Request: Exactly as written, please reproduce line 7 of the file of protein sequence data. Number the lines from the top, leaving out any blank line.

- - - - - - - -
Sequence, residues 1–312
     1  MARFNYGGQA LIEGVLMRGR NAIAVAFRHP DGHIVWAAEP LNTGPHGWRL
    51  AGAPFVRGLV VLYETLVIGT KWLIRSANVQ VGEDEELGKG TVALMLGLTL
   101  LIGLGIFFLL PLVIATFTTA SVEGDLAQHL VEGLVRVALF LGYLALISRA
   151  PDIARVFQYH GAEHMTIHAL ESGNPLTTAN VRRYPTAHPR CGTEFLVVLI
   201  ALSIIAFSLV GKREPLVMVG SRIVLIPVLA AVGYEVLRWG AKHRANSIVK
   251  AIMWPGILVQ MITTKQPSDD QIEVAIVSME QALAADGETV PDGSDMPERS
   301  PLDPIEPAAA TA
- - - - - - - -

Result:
   251  AIMWPGILVQ MITTKQPSDD QIEVAIVSME QALAADGETV PDGSDMPERS